About the Professional Interview process

The Professional Interview is a major component of the application process for Provisional Membership with Residential Property Valuer and for Associate Membership.  The interview allows the applicant to demonstrate their knowledge to and to discuss their work samples with the API via its interviewers.

Below is information about the Professional Interview process and what you can expect:

Areas Examined in the Professional Interview

Broad Outline of Depth of Knowledge Required

In the context of the required years of Approved Professional Experience, a broad outline of the depth to which applicants are expected to show a practical application is as follows:

  • The applicant must demonstrate a high level of knowledge of and skill in the type of property practice which the applicant has been recently undertaking or has specialised in as listed on the membership application.
  • The applicant needs to demonstrate general knowledge beyond any specialist activity currently being undertaken including relevant legislation.
  • The professional interview is not a test of rote learning. The applicant is not expected to recite specific details, for example, parts of Acts. However, the applicant must demonstrate knowledge of basic concepts and where and how to locate specific information.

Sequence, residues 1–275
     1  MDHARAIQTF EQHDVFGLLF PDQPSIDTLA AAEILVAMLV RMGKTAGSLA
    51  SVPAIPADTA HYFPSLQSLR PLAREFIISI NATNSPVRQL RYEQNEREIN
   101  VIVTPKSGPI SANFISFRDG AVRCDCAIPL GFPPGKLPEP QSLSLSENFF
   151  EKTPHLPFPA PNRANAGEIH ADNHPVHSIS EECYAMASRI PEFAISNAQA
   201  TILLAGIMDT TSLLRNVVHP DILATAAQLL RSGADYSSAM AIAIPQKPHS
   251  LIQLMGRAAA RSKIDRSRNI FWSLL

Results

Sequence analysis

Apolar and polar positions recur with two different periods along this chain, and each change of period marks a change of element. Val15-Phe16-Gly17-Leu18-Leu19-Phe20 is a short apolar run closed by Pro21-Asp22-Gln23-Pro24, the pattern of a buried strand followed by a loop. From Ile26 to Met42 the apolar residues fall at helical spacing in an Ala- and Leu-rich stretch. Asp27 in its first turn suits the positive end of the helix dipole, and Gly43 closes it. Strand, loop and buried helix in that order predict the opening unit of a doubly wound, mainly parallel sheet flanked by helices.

• The applicant must be capable of illustrating the application of property knowledge with sound reasoning.
  • Professionalism in the approach of the applicant to his/her work and the professional interview will be considered as part of the application.
     

Knowledge of the API

  • All applicants must have an understanding of their responsibilities to the profession (including practice requirements under state valuers’ registration if relevant), the Institute, clients and the public having regard to the Institute's Constitution and Rules.
  • All applicants should be familiar with the Australia and New Zealand Valuation and Property Standards manual which includes the Code of Professional Conduct, Practice Standards and the Continuing Professional Development requirements of the Institute.
     

Knowledge of Specific Area(s) of Property Practice

  • The applicant is examined on the areas of practice as nominated on his / her application form and the matters that may be examined in the primary areas of practice as outlined in Table 1 (below).